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“We are a Bit Blind About it”: A Qualitative Analysis of Climate Change-Related Perceptions and Communication Across South African Communities


Schäfer, Mike S; Siegen, Dario; Mahl, Daniela (2020). “We are a Bit Blind About it”: A Qualitative Analysis of Climate Change-Related Perceptions and Communication Across South African Communities. Environmental Communication, 14(6):802-815.

Abstract

Climate change-related perceptions and communication are important factors influencing people’s support for climate change policies and individual behavior. Since research on both climate change-related perceptions and communication is biased towards Western countries and standardized research methodologies, this paper investigates perceptions across South African communities using a deductive-inductive qualitative approach. 20 individuals in three communities of a South African town were interviewed about their climate change-related perceptions and communication. Results show that for individual concepts of climate change, interviewees’ perceptions differed across the communities: higher educated communities had more differentiated and diverse conceptions of causes and consequences of climate change and potential countermeasures. Most interviewees, across the communities, stressed that they considered climate change as an important problem, although other social problems seemed more pressing. Interestingly, all three communities most frequently encounter the issue of climate change through new and traditional mass media, but their self-assessed knowledge about it varies widely.

Abstract

Climate change-related perceptions and communication are important factors influencing people’s support for climate change policies and individual behavior. Since research on both climate change-related perceptions and communication is biased towards Western countries and standardized research methodologies, this paper investigates perceptions across South African communities using a deductive-inductive qualitative approach. 20 individuals in three communities of a South African town were interviewed about their climate change-related perceptions and communication. Results show that for individual concepts of climate change, interviewees’ perceptions differed across the communities: higher educated communities had more differentiated and diverse conceptions of causes and consequences of climate change and potential countermeasures. Most interviewees, across the communities, stressed that they considered climate change as an important problem, although other social problems seemed more pressing. Interestingly, all three communities most frequently encounter the issue of climate change through new and traditional mass media, but their self-assessed knowledge about it varies widely.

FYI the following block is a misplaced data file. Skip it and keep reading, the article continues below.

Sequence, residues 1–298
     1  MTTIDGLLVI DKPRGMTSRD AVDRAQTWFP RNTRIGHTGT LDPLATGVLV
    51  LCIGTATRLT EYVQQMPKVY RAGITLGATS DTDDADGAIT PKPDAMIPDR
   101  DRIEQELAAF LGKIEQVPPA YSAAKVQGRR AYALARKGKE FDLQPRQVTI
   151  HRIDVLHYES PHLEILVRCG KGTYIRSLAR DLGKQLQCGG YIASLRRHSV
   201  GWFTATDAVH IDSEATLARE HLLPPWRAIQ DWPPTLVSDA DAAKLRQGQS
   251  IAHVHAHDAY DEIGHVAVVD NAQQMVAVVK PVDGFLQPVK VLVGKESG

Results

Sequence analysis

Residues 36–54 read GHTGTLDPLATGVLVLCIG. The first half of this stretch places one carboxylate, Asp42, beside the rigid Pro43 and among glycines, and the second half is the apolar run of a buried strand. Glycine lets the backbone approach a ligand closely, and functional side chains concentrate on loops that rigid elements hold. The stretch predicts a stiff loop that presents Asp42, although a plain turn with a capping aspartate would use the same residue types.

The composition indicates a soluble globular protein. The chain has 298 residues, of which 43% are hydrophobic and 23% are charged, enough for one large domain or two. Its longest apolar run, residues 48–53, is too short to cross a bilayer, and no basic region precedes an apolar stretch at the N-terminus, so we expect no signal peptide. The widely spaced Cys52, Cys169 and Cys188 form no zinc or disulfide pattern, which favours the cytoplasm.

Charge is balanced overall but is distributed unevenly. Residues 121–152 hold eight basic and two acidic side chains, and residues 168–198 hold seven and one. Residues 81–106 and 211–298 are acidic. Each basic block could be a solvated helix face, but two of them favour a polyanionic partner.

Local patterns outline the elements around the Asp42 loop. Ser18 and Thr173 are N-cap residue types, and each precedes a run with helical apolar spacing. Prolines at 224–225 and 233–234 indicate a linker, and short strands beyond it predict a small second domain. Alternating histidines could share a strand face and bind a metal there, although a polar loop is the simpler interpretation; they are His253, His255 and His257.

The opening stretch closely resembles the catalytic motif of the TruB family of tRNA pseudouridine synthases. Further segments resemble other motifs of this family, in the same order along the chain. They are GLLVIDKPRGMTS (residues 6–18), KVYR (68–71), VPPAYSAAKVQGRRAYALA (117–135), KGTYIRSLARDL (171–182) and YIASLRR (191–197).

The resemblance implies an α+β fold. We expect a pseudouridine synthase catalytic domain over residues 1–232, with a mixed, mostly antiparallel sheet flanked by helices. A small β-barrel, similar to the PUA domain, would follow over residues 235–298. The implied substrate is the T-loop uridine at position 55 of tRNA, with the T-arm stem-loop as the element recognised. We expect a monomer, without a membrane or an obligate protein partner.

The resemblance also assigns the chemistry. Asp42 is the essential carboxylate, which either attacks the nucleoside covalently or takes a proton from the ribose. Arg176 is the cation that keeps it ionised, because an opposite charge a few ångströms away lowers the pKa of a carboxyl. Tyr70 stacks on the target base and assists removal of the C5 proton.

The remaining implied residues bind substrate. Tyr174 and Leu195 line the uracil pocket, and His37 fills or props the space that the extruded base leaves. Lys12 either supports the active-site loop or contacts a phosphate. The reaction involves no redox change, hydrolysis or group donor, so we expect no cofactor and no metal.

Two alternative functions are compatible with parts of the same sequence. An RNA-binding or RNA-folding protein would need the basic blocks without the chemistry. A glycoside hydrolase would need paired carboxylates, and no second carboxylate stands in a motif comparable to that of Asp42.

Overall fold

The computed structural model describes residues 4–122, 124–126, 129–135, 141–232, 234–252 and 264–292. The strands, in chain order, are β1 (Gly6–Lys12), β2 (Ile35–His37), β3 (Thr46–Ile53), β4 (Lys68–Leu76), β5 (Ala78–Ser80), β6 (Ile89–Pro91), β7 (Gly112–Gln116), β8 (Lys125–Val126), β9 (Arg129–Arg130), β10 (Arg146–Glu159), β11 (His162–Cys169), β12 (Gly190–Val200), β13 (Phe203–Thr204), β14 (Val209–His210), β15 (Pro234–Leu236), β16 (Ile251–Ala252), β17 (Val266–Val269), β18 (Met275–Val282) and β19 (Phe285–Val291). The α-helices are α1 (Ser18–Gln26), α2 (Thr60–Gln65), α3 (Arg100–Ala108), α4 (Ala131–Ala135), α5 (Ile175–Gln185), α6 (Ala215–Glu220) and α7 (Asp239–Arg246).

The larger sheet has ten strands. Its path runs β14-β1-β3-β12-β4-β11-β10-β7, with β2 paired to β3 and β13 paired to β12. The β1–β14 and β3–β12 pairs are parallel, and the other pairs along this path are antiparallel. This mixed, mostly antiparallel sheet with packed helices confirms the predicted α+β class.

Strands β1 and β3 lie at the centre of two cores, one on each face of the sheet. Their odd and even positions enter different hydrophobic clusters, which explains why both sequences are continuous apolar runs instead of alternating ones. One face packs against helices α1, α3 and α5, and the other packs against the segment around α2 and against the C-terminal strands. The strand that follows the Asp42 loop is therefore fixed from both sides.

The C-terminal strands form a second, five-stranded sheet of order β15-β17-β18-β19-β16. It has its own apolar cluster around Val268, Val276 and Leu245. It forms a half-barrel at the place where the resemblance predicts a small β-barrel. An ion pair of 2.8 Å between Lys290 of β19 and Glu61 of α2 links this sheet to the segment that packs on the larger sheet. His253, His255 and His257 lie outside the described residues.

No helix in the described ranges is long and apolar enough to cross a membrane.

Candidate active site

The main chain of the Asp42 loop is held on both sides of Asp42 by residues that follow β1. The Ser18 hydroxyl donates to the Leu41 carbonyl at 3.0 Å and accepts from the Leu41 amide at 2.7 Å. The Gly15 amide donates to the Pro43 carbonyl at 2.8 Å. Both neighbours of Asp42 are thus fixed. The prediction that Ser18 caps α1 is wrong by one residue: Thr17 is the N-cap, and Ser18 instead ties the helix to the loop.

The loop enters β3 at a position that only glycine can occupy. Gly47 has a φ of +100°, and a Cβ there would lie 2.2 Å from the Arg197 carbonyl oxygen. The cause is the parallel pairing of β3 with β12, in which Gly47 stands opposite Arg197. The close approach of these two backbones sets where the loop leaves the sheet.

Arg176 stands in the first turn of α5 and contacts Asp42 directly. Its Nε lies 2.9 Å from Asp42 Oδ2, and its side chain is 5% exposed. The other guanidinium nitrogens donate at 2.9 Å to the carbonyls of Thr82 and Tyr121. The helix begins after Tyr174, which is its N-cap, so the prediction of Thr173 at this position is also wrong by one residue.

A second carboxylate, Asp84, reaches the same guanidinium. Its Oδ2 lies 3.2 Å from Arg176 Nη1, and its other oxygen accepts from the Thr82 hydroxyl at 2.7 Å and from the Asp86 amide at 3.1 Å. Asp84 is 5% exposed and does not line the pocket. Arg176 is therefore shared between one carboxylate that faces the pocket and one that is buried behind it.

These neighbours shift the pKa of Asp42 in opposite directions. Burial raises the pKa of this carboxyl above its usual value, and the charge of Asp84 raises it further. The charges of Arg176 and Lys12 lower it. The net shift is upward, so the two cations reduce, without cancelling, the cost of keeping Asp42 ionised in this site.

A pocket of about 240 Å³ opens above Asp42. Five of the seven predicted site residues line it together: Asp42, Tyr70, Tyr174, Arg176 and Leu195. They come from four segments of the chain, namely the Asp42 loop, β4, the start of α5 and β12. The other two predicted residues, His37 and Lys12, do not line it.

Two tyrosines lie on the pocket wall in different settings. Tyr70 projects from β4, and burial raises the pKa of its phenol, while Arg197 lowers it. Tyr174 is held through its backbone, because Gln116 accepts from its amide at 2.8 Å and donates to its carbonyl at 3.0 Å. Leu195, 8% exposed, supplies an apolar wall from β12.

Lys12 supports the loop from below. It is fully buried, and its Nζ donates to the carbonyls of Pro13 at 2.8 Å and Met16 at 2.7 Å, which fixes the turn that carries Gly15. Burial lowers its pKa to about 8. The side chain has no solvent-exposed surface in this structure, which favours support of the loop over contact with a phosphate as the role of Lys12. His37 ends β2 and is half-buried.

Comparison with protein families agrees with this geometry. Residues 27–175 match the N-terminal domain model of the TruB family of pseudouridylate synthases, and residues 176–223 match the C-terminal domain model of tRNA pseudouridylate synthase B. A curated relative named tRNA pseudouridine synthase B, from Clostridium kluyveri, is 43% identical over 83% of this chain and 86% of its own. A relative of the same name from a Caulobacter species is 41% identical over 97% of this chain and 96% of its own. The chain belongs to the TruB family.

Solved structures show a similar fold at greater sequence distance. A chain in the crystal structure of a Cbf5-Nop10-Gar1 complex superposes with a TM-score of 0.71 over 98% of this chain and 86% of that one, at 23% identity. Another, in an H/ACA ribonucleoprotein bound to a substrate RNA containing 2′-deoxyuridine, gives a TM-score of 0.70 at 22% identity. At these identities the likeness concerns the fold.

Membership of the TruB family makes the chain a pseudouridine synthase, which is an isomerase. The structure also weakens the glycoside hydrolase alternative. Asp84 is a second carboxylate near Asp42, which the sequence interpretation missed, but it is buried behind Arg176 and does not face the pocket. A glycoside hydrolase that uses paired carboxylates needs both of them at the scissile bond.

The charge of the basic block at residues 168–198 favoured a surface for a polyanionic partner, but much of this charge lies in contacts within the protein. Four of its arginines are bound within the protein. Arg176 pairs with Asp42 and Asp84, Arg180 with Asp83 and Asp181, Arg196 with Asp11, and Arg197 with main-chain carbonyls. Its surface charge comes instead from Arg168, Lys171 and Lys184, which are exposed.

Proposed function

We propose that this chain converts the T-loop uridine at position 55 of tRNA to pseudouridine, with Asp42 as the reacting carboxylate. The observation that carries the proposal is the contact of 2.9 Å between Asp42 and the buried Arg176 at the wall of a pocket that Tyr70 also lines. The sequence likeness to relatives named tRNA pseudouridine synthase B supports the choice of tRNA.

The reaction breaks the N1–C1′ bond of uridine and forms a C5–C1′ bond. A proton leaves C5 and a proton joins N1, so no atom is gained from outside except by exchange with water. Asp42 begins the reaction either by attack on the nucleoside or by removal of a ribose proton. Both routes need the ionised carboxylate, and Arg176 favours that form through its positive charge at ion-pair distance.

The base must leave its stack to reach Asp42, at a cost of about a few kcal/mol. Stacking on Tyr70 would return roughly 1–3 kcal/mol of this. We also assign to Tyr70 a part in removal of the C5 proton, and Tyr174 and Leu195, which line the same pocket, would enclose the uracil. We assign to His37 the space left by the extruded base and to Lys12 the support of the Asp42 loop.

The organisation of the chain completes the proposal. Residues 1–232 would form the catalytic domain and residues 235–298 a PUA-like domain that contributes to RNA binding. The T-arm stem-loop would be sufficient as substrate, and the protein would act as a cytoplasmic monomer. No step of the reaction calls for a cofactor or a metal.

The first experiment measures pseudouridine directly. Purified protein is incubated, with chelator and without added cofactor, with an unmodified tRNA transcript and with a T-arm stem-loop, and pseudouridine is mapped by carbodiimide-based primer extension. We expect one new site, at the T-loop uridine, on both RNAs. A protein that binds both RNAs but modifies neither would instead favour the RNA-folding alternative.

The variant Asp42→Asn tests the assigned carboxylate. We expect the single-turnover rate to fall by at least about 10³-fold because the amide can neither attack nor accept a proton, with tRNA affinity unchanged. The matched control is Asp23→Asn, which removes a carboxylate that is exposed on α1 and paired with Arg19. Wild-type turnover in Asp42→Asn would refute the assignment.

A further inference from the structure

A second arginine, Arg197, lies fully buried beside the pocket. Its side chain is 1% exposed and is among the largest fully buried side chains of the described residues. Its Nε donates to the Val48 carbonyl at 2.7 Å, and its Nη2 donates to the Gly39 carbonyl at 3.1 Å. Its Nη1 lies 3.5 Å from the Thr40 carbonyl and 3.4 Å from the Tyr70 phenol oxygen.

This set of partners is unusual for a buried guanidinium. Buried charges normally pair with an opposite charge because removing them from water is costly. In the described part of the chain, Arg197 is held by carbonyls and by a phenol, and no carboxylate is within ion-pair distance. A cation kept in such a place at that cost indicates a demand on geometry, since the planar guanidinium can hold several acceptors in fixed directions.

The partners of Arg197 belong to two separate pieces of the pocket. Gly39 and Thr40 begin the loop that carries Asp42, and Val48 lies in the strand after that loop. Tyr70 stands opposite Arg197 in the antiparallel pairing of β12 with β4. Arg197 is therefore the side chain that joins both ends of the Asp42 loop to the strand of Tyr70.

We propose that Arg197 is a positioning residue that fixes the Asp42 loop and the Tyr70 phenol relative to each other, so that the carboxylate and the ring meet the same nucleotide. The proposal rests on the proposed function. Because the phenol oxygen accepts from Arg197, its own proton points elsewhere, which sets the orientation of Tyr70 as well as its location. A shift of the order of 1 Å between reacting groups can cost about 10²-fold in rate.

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Additional indexing

Item Type:Journal Article, refereed, original work
Communities & Collections:06 Faculty of Arts > Department of Communication and Media Research
Dewey Decimal Classification:700 Arts
Scopus Subject Areas:Physical Sciences > Environmental Science (miscellaneous)
Physical Sciences > Management, Monitoring, Policy and Law
Uncontrolled Keywords:Climate change, perceptions of climate change, media use and information sources, South Africa, qualitative interviews, Global South
Language:English
Date:17 August 2020
Deposited On:18 Feb 2021 09:28
Last Modified:19 Feb 2021 21:00
Publisher:Taylor & Francis
ISSN:1752-4032
OA Status:Closed
Free access at:Publisher DOI. An embargo period may apply.
Publisher DOI:https://doi.org/10.1080/17524032.2020.1736116

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